Pros:Inexpensive, well built, easy to use
Cons:Electric cord can sometimes get in the way
The Bottom Line: If you're on a budget and want a relatively inexpensive snow thrower to clear off a short driveway or sidewalk, Toro's 1800 is a excellent choice.
The electric Toro 1800 Snow Thrower serves as a very nice inexpensive alternative to the gas-powered models available.
Recommend this product?
We were seeking a way to clear snow from our short two-car driveway and we didn't think we could justify the cost of a gas-powered snowblower.
The 1800 has performed admirably through two Michigan winters. Built similarly to its gas-powered bretheren, the 1800 offers an 18" clearing width, which is plenty good for what we consider small-duty work like our driveway or sidewalks.
Putting together and starting the 1800 was fairly easy. The unit is equipped with a cord lock to help the electric cord from getting unplugged. Ergonomically, the unit has an excellent handlebar mechanism that fires up the machine. My wife has remarked on how easy it is to use compared to Toro's Power Shovel.
Toro claims that since the 1800 has no gas motor, it does not require the same maintenance as its gas-powered equivalent. I can't substantiate that, but the 1800 is maintenance free and has no problem starting up in any temperature or condition.
The unit has a lever where the user can easily swivel the direction of the snow being thrown. A cone at the top also allows users to choose the height at which snow is thrown, but in our experience, the cone's direction tends to be more upwards as the snow hitting the cone pushes it up.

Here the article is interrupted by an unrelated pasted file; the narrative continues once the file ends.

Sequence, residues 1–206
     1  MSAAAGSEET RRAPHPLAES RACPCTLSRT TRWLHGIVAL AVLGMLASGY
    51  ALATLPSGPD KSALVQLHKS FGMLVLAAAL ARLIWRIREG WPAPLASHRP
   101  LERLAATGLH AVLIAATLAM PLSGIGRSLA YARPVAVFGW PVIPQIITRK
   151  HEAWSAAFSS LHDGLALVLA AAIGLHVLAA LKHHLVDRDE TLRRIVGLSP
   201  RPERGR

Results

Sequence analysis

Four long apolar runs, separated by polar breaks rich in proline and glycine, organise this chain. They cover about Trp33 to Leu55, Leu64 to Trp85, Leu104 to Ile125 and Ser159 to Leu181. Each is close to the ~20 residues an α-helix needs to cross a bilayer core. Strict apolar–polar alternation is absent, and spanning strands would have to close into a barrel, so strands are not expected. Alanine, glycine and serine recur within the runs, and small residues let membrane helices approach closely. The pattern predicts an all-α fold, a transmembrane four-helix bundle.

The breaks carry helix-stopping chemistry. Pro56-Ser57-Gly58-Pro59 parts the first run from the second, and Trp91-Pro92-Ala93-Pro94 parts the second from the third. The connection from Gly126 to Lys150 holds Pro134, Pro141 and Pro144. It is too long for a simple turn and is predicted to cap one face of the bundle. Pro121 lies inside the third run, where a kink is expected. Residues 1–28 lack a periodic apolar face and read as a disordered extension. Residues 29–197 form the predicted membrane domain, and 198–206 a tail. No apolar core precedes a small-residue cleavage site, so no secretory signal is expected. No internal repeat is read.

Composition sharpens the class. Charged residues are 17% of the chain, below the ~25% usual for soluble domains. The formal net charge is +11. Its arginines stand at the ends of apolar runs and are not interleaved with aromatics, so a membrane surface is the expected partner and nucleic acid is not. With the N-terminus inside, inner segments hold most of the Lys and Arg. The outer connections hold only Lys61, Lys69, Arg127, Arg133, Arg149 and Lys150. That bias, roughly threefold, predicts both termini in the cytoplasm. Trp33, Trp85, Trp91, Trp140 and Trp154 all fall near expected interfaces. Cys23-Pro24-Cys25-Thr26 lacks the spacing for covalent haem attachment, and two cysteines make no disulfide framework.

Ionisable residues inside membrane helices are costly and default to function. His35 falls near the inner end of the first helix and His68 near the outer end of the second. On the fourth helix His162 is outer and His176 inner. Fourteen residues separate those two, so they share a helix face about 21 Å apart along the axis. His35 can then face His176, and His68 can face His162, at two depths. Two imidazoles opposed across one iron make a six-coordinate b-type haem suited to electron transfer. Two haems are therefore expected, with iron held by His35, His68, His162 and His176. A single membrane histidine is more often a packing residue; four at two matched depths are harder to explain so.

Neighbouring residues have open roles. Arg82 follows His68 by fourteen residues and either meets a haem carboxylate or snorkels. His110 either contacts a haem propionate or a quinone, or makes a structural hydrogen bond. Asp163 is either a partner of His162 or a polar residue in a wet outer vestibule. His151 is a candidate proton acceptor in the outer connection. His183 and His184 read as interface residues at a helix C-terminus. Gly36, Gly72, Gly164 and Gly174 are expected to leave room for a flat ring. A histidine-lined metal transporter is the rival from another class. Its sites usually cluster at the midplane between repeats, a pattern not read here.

The 1800 also has a handle by the motor to make picking up and transporting it easier.
Troy Bilt also offers a model similar to Toro's called the Flurry 1400, which I'll review separately. Though the Troy Bilt version is close to the Toro, the Toro has a wider clearing capacity -- 18 inches compared to the Troy Bilt's 14 inches. The Troy Bilt also doesn't have the level the change the snow throwing direction, so users have to stop the machine and move the nozzle left or right before starting again. The Troy Bilt will, however, appeal to budget-conscious buyers as it retails for more than $100 less than the Toro.
The 1800 does an excellent job with most snowfalls. It's only when snowfall gets toward double-digit inches of snow that it begins to have some problems. The unit does not do well with ice, as its rotors are made of plastic. Heavy, wet snow will also sometimes "stick" to the inside of the unit, which can easily be cleared out and isn't a major problem.
Frankly, the only thing that presents much of an issue is the electric cord. The cord can get in the way and be a bit of a pain, but it is the price you're going to pay for a relatively inexpensive snow thrower.